Job offersmore »
- Area Manager Russia
- Machine Operator Buitendienst
- Grower (cucumbers) - Australia
- Business Development Manager - The Netherlands
- Greenhouse Construction Workers - U.S.
- (Senior) Werkvoorbereider/Engineer Kas Plus - Netherlands
- International Account Manager - Netherlands
- Business Advisor - China
- Account Manager for Technical Horticultural Greenhouse Products - Canada
- Floriculture Sales and Marketing Professional
Top 5 - yesterday
- No news has been published yesterday.
Top 5 - last week
Top 5 - last month
Exchange ratesmore »
US (CA): Berkeley Lab awarded $4.6M for ag tech researchAs advanced as agriculture has become, there remains a pressing need for nondestructive ways to ”see” into the soil. Now the U.S. Department of Energy’s Advanced Research Projects Agency-Energy (ARPA-E) has awarded $4.6 million to Lawrence Berkeley National Laboratory (Berkeley Lab) for two innovative projects to address this gap, giving farmers important information to increase crop yields while also promoting the storage of carbon in soil.
One project aims to use electrical current to image the root system, which will accelerate the breeding of crops with roots that are tailored to specific conditions (such as drought). The other project will develop a new imaging technique based on neutron scattering to measure the distribution of carbon and other elements in the soil.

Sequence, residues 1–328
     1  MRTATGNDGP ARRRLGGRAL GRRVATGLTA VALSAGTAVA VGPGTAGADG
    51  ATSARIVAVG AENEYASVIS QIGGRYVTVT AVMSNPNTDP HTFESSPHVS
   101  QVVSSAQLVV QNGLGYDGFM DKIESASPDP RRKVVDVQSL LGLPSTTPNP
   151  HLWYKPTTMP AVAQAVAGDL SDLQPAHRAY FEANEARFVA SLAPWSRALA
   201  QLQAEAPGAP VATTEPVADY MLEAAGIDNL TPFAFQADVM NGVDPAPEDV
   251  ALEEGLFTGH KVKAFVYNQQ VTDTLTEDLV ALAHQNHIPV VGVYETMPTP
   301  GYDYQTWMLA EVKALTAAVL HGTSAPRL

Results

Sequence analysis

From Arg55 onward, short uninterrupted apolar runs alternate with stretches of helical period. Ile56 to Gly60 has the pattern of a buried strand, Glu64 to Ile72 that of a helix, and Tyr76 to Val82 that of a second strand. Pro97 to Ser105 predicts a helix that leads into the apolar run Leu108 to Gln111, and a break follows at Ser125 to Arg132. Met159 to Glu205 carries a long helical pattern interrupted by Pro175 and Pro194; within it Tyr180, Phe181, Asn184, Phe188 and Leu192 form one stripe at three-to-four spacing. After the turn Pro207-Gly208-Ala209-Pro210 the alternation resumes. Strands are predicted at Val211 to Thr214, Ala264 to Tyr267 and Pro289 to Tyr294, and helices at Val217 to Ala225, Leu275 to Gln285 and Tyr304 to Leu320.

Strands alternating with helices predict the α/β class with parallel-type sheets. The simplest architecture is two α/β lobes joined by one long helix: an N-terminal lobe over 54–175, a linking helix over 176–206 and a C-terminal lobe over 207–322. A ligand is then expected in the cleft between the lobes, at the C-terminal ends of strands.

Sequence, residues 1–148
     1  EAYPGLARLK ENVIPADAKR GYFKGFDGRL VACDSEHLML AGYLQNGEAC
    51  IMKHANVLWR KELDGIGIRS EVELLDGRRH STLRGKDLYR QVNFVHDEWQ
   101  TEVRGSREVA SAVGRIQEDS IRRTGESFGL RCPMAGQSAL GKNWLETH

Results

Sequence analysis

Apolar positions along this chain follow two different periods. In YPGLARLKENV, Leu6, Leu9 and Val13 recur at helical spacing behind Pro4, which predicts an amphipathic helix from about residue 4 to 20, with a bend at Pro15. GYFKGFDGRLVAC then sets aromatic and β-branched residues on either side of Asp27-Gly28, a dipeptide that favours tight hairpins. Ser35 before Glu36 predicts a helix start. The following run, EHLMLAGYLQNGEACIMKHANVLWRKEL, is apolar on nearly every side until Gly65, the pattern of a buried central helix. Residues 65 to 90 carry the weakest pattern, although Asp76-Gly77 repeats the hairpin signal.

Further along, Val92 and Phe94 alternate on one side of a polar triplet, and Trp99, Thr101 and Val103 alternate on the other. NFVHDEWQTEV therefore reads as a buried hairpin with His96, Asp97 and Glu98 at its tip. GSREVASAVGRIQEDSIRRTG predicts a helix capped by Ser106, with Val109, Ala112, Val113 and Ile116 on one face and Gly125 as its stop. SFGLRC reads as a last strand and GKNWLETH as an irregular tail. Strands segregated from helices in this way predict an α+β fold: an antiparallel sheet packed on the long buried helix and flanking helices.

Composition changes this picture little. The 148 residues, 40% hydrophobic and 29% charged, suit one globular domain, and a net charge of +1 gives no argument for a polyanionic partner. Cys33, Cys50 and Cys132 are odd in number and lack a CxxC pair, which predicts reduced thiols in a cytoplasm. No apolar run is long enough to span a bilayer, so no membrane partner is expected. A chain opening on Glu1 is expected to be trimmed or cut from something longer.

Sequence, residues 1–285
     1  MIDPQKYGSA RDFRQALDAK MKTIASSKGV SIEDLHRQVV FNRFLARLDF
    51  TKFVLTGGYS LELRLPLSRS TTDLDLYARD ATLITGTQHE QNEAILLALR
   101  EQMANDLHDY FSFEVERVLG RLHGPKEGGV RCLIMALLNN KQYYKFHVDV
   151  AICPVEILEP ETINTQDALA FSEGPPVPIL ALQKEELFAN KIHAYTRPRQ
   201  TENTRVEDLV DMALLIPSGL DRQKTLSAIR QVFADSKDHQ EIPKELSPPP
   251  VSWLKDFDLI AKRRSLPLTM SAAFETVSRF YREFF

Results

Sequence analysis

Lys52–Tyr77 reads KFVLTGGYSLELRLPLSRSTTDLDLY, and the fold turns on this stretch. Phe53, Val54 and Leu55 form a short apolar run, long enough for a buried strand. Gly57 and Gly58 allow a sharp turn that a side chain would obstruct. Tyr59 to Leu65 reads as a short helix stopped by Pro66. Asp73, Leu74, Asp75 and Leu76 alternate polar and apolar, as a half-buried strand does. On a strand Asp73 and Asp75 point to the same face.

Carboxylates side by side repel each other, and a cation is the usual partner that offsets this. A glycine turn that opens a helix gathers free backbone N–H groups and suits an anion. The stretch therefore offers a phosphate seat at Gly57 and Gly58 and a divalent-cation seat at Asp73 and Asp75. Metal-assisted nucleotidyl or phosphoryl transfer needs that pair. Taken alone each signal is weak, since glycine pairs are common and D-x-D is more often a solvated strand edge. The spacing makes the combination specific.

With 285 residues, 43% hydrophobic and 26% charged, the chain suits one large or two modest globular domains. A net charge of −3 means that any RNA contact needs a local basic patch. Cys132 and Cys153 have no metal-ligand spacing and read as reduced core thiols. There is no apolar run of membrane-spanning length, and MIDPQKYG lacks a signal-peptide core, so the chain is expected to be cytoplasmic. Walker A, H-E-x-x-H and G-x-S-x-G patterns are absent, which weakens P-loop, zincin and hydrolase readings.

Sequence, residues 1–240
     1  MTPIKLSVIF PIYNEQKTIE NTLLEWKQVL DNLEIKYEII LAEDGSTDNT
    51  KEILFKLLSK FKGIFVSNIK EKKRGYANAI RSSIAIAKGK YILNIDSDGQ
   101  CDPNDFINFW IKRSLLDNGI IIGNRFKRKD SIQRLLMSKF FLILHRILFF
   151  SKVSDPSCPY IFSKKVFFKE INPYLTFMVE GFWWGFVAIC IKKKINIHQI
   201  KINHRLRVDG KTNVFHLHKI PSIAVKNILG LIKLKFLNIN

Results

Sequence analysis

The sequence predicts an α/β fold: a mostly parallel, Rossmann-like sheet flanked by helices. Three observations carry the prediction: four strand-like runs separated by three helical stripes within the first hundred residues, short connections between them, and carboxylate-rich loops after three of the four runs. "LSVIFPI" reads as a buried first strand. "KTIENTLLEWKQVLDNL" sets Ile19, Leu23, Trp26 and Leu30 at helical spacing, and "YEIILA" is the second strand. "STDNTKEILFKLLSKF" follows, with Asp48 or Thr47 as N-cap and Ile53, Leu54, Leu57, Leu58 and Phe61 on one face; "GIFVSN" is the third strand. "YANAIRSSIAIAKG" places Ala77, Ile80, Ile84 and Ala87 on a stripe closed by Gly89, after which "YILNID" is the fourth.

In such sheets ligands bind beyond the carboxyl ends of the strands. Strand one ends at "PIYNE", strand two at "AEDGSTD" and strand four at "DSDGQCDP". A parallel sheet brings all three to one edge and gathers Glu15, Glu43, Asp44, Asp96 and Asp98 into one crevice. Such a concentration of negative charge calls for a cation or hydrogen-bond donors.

“Both technologies could be transformational for agriculture ⎯ for quantifying belowground plant traits and where carbon and other elements are distributed⎯and will enable the next generation of predictive models for agriculture and climate,” said Eoin Brodie, deputy director of Berkeley Lab’s Climate & Ecosystem Sciences Division and a microbiologist who is contributing to both projects. “They’re windows into the soil, something that we urgently need.”
Berkeley Lab received these competitive awards from ARPA-E’s Rhizosphere Observations Optimizing Terrestrial Sequestration (ROOTS) program, which seeks to develop crops that take carbon out of the atmosphere and store it in soil — enabling a 50 percent increase in carbon deposition depth and accumulation while also reducing nitrous oxide emissions by 50 percent and increasing water productivity by 25 percent.
Soil carbon deficits are a global phenomenon resulting from many decades of industrial agriculture. Soils have the capacity to store significant quantities of carbon, reducing atmospheric carbon dioxide concentrations while also enhancing soil fertility and water retention.
Read more at the University of California website
Publication date: 1/9/2017
Other news in this sector: